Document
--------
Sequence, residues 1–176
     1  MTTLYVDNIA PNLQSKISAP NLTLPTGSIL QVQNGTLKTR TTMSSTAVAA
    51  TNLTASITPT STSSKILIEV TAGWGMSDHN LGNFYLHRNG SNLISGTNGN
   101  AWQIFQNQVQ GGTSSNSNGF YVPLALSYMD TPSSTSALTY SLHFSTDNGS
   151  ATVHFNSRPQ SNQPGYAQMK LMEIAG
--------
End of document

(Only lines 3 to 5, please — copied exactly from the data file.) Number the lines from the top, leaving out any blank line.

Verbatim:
    51  TNLTASITPT STSSKILIEV TAGWGMSDHN LGNFYLHRNG SNLISGTNGN
   101  AWQIFQNQVQ GGTSSNSNGF YVPLALSYMD TPSSTSALTY SLHFSTDNGS
   151  ATVHFNSRPQ SNQPGYAQMK LMEIAG